And the damage done (in descending order of severity):

  • COMPANY CONCERNS – If someone is telling their sales reps to hit the phones and drop their shorts on 12/30 to close TODAY, I wonder why?  Is the company in financial distress? Will they be able to support us if we bought from them in the future?  It would be difficult for me to recommend this product if I had such doubts.
  • PRODUCT CONCERNS – If they hire this caliber of sales people/managers, what about their coders/software architects?  And if they take these kinds of shortcuts in the sales process, what shortcuts were taken in product development/testing that could cause breakdowns later.  Buyers want to have confidence in the solutions they buy.
  • SELLER CONCERNS – Nah, not really.  I don’t remember his name and as long as he continues to shoot blanks like this, it is unlikely our paths will cross again and, if so, I would expect a similar outcome.

There are many things that make shortcuts attractive or necessary.  Time, goals, commissions are all factors that add pressure to close deals.  Sometimes you are forced to take some shortcuts to try to speed the sales cycle to conform with your company’s business cycle or your earning needs.  But some shortcuts are not shortcuts at all.  They are the immutable fundamentals of building your business; the blocking and tackling of sales.

The above is a typical result of skipping these fundamentals.  Imagine how well your software would work if the coders skipped some subroutines because they were hurried, or did not test your company’s new website before going live.

More on the blocking and tackling of sales this quarter in future posts.

Qualifying: The most critical step in your process?

seymourIt used to drive me nuts when one of my salespeople, all excited about a hot prospect, would insist they were talking with the decider only to lose the deal because their contact said “My boss decided not to move forward.”  Anyone who’s ever been on my team knows the answer to this question:

“What’s the #1 reason you don’t get the order?”  It’s because you are not talking to the RIGHT person!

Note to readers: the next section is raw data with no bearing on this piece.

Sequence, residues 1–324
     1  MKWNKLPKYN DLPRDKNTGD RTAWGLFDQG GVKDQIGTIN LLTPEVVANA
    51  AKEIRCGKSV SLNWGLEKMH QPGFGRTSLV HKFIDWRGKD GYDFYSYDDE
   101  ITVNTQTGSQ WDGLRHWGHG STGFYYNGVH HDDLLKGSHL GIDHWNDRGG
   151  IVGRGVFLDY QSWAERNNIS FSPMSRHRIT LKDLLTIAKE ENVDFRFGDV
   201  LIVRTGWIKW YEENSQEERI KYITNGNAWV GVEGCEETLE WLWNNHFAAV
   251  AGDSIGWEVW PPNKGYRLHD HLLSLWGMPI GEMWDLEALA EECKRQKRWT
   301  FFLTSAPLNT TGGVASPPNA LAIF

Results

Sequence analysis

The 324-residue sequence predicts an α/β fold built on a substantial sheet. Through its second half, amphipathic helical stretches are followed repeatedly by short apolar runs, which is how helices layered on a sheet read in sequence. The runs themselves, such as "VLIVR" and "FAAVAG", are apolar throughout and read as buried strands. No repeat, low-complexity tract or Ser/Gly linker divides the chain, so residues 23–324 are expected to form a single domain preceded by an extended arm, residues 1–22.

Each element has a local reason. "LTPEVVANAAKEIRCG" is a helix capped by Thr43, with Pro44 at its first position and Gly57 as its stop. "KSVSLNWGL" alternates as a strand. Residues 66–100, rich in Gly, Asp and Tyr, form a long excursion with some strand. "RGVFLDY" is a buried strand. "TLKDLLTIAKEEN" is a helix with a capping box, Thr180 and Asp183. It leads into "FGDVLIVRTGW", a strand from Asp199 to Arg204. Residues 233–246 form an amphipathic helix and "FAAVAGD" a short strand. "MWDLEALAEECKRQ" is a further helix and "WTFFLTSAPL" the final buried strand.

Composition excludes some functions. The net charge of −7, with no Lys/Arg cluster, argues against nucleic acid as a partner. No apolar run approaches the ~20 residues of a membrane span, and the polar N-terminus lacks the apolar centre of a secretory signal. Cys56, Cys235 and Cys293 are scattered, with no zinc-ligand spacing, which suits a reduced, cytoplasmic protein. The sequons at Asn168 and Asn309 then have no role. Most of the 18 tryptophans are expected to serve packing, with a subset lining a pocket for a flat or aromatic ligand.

The reason this happens is (channeling Cool Hand Luke)… failure to qualify.  Many can say NO, but not YES and they present themselves as deciders.  If you accept this at face value, you face the prospect of spending days, weeks, even months of effort to arrive at the end with nothing to show for it, and the realization that you missed an opportunity.

It may not be easy, nor pretty to qualify someone you’ve been working to speak with for weeks.  But, failure to qualify generally results in failure to close.  First, I refer you back to an earlier post, Meeting Prep in 3 Easy Steps, for the initial qualifying steps.

Of course, you can’t just ask “Mr. Skinner, do you have the authority to sign our agreement?”  Subtle as a brick, no?  But here are a couple of questions that can help you identify the Seymours (read Tony Parienello’s Selling to VITO) if you don’t recognize that term.

  • Can you walk me through the process your company uses to decide on vendors of X?
  • So, once you’ve determined we can meet your needs, what happens from there?
  • Who else would you like to bring in on the presentation?

Whatever you ask, you MUST qualify that you are talking to the RIGHT person – the person who has the tactical, strategic and most importantly, the BUDGET authority to approve the purchase.  You just have to ask the questions.

Here is a great post from Seth Godin on questions:

I’m often stunned by the lack of questions that adults are prepared to ask.

When you see kids go on a field trip, the questions pour out of them. Never ending, interesting, deep… even risky.

And then the resistance kicks in and we apparently lose the ability.

Is the weather the only thing you can think to ask about? A great question is one you can ask yourself, one that disturbs your status quo and scares you a little bit.

The A part is easy. We’re good at answers. Q, not so much.

More Q gets you to $ faster.